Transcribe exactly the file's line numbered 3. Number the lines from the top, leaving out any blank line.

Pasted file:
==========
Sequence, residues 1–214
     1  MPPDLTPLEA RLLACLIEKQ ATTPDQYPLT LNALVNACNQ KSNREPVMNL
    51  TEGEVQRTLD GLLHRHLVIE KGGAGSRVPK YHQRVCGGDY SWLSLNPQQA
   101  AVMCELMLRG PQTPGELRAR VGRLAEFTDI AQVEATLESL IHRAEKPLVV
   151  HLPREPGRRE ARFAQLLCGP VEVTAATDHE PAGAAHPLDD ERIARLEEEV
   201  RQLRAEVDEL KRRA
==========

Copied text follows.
    51  TEGEVQRTLD GLLHRHLVIE KGGAGSRVPK YHQRVCGGDY SWLSLNPQQA